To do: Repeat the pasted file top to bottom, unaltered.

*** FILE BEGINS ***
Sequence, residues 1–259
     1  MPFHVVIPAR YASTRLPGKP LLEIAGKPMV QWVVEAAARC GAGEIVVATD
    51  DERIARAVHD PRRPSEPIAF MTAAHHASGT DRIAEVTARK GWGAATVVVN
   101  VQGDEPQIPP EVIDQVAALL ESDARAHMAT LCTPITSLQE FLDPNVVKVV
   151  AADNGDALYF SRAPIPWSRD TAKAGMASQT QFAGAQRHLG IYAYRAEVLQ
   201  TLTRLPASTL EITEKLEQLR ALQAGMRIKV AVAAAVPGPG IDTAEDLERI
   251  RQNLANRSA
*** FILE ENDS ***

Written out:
Sequence, residues 1–259
     1  MPFHVVIPAR YASTRLPGKP LLEIAGKPMV QWVVEAAARC GAGEIVVATD
    51  DERIARAVHD PRRPSEPIAF MTAAHHASGT DRIAEVTARK GWGAATVVVN
   101  VQGDEPQIPP EVIDQVAALL ESDARAHMAT LCTPITSLQE FLDPNVVKVV
   151  AADNGDALYF SRAPIPWSRD TAKAGMASQT QFAGAQRHLG IYAYRAEVLQ
   201  TLTRLPASTL EITEKLEQLR ALQAGMRIKV AVAAAVPGPG IDTAEDLERI
   251  RQNLANRSA